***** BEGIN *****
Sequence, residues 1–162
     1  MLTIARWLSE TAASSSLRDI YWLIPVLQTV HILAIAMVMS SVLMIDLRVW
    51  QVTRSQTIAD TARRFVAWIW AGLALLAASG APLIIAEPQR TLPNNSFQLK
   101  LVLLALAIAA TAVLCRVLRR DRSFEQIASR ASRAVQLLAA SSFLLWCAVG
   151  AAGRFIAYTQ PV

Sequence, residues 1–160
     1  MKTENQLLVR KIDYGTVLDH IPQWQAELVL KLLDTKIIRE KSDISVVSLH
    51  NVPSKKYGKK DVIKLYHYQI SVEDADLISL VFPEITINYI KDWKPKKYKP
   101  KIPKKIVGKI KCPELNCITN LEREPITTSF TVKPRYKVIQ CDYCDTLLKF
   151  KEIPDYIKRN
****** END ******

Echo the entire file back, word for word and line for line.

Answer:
Sequence, residues 1–162
     1  MLTIARWLSE TAASSSLRDI YWLIPVLQTV HILAIAMVMS SVLMIDLRVW
    51  QVTRSQTIAD TARRFVAWIW AGLALLAASG APLIIAEPQR TLPNNSFQLK
   101  LVLLALAIAA TAVLCRVLRR DRSFEQIASR ASRAVQLLAA SSFLLWCAVG
   151  AAGRFIAYTQ PV

Sequence, residues 1–160
     1  MKTENQLLVR KIDYGTVLDH IPQWQAELVL KLLDTKIIRE KSDISVVSLH
    51  NVPSKKYGKK DVIKLYHYQI SVEDADLISL VFPEITINYI KDWKPKKYKP
   101  KIPKKIVGKI KCPELNCITN LEREPITTSF TVKPRYKVIQ CDYCDTLLKF
   151  KEIPDYIKRN